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The Art of Distillation - John French 1651

The Art of Distillation - John French 1651



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Published by: uncle_killroy on Mar 14, 2009
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John French -
The Art of Distillation
The Art of Distillation. Or, A Treatise of the Choicest Spagyrical Preparations Performedby Way o£ Distillation, Being Partly Taken Out of the Most Select Chemical Authors of the Diverse I,anguages and Partly Out of the Author's Manual Experience together with,The Description of the Chiefest Furnaces and Vessels Used by Ancient and ModernChemists also A Discourse on Diverse Spagyrical Experiments and Curiosities, and of the Anatomy of Gold and Silver, with The Chiefest Preparations and Curiosities Thereof,and Virtues of Them All. All Which Are Contained In Six Books Composed By JohnFrench, Dr. of Physick London. Printed by Richard Cotes and are to sold by Thomas Williams at the Bible inLittle-Britain without Aldersgate, 1651.
The Epistle Dedicatory
To My Much Honored Friend, Tobias Garbrand, Doctor of Physick andPrincipal of Gloucester Hall in Oxford.
Sir ! It is my ambition to let the world know upon what score it is that I doespecially honor men. It is not, Sir!, as they are highborn heirs of the greatpotentates, for which most honor them (and upon which account I also shall notdeny them their due) but as they excell in honesty and are friends to art. That poorphilosophers should take no delight in riches, and rich men should take delight inphilosophy, is to me an argument, that there is more delight, honor, andsatisfaction in the one than in the enjoyment of the other.I once read of a nobleman's porter who let in all that were richly apparelled, butexcluded a poor philosopher. But I should, if I had been in his place, have ratherlet in the philosopher, without the gay clothes, than the gay clothes without thephilosopher. As long as I have sense or reason, I shall improve them to the honorof the art, especially that of alchemy. In the perfection thereof there are riches,honor, health and length of days. By it, Artefius lived 1000 years, Flamel built 28hospitals with large revenues to them, besides churches for it, both they anddiverse more were accounted philosophers, and wise men, which sounds withmore honor in my ears than all the rattling and empty titles of honor whatsoeverbesides.In the perfection of this art, I mean the accomplishing of the Elixir, is the sulphurof philosophers set at liberty, which gratifies the releasers thereof with threekingdoms, viz. Vegetable, Animal, and Mineral. And what cannot they do, andhow honorable are they, that have the command of these? They may commend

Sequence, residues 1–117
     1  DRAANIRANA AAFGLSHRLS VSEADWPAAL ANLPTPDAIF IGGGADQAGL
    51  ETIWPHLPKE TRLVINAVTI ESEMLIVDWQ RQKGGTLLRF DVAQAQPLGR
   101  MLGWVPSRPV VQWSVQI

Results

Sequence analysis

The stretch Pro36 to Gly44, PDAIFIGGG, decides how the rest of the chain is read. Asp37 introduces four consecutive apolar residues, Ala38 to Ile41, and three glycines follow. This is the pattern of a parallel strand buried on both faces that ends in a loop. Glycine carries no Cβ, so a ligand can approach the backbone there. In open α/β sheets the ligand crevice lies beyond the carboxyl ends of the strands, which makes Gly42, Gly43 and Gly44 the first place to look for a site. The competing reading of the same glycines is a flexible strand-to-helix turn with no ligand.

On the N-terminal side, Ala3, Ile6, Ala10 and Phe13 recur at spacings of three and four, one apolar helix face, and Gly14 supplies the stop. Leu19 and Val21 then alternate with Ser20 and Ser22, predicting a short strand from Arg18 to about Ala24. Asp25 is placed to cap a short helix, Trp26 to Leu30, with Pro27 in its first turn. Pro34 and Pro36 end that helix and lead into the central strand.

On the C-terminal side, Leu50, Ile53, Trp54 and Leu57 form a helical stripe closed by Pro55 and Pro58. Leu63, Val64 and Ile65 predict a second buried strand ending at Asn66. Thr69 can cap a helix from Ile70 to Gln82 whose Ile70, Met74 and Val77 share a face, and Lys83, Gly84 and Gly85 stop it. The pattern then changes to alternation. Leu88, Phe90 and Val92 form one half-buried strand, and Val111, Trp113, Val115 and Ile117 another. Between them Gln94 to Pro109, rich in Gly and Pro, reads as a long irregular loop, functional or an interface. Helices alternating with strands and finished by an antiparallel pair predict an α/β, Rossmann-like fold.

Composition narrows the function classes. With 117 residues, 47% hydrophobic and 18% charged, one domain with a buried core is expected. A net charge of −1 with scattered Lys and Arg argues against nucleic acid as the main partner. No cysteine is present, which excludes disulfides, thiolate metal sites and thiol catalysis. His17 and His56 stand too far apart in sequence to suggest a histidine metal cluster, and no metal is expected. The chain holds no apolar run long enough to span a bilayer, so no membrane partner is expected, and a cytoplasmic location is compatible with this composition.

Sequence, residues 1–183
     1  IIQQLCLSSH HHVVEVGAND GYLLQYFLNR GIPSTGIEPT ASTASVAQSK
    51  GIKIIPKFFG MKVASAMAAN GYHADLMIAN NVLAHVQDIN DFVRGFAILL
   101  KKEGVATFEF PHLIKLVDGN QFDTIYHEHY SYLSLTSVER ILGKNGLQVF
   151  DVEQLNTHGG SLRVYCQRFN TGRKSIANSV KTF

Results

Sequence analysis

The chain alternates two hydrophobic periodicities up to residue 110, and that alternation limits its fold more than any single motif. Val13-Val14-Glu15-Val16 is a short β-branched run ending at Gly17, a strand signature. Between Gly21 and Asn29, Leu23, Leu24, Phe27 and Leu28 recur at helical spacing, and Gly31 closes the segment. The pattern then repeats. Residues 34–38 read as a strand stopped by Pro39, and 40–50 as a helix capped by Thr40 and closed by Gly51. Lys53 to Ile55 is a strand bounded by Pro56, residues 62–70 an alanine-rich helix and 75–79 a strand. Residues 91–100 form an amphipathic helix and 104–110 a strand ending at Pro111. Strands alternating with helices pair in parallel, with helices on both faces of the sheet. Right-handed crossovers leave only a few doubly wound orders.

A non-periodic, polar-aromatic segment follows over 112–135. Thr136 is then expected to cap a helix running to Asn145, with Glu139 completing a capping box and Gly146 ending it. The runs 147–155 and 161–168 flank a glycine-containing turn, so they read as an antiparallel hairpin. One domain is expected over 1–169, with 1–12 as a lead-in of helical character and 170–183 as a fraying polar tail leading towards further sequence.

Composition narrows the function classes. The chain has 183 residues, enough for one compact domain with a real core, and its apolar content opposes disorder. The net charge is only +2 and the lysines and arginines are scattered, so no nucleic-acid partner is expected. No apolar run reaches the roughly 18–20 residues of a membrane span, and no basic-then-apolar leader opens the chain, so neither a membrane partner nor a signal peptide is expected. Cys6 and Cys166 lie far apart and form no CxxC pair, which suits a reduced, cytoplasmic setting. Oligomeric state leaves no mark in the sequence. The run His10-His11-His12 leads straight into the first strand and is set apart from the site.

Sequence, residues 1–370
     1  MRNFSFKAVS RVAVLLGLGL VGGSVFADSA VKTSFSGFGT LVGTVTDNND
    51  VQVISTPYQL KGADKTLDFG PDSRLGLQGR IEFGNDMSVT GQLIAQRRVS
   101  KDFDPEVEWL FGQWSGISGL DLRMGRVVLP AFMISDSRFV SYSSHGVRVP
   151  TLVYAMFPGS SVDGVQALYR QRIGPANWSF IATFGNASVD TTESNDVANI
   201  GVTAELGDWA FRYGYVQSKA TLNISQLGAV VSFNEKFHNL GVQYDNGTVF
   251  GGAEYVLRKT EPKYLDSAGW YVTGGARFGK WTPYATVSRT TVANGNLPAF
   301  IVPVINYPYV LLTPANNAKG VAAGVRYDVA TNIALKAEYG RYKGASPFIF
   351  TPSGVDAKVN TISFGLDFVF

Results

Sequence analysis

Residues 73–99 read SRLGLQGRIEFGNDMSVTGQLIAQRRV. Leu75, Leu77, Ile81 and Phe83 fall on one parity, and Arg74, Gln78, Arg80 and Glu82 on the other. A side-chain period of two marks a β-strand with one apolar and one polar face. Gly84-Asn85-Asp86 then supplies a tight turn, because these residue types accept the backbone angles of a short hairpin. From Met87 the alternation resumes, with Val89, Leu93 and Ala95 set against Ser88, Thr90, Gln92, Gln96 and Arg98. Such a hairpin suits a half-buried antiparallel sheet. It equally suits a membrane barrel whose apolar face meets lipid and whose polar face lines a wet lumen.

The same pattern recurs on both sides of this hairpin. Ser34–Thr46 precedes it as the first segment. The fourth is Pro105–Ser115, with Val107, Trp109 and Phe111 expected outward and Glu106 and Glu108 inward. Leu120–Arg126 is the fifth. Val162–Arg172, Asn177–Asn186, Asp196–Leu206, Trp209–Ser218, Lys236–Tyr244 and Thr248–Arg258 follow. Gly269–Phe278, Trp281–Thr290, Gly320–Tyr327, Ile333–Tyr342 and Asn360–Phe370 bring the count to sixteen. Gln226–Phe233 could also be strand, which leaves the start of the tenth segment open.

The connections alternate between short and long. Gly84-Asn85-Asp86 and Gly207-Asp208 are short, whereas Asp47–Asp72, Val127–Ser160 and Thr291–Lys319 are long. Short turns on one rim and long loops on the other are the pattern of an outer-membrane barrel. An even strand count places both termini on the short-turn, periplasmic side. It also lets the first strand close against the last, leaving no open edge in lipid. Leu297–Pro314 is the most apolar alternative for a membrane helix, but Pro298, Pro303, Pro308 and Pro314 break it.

lead into gold, dying plants into fruitfulness, the sick into health, old age intoyouth, darkness into light, and what not? A month would fail to give you anaccount of their power and dominations. Now for the effecting of this I shallbesides what I have advised in the Epistle to the Reader, say only this: court themother, and you win the daughter. Prevail with nature, and the fair Diana of thephilosophers is at your service.Now, if you cannot prevail with nature for the fairest of her daughters, viz. themercury of philosophers, yet she has other daughters of wonderful beauty also, asare the essences and magisteries of philosophers which also are endowed withriches, honor, and health, and any of these you may more easily prevail with theirmother nature for. This art of alchemy is that solary art which is more noble thanall the other six arts and sciences, and if it did once thoroughly shine forth out of the clouds whereby it is eclipsed, would darken all the rest (as the sun does theother six planets) or at least swallow up their light. This is that true naturalphilosophy which most accurately anatomizes nature and natural things, andvisually demonstrates the principles and operations of them.That empty natural philosophy which is read in the universities, is scarce themeanest hand-maid to this Queen of Arts. It is a pity that there is such greatencouragement for many empty end unprofitable arts, and none for this, and suchsimilar ingenuities which, if promoted, would render a university far moreflourishing than the former. I once read or heard of a famous university beyond thesea that was fallen into decay through what cause I know not. But there was ageneral council held by the learned to determine how to restore it to its primitiveglory. The medium at last agreed upon was the promotion of alchemy, andencouraging the artists, themselves. But I never expect to see such rational actionin this nation, until shadows vanish, substances flourish, and truth prevails, whichtime I hope is at hand and desired by all true artists and, to my knowledge,especially by yourself, upon which account I truly honor you.Now, to yourself therefore I crave to adumbrate something of that art which Iknow you will be willing, for the public good, to promote. I dedicate this treatiseto you, not that it is worthy of your acceptance, but that it may receive worth byyour acceptance of it. I present it to you (as men bring lead to philosophers to betinged into gold) to receive the stamp of your favor and approbation that it maypass current, with acceptance among the sons of art, whereby you will continue tooblige him who isSir,Your most obliged servant,John French.London,November 25, 1650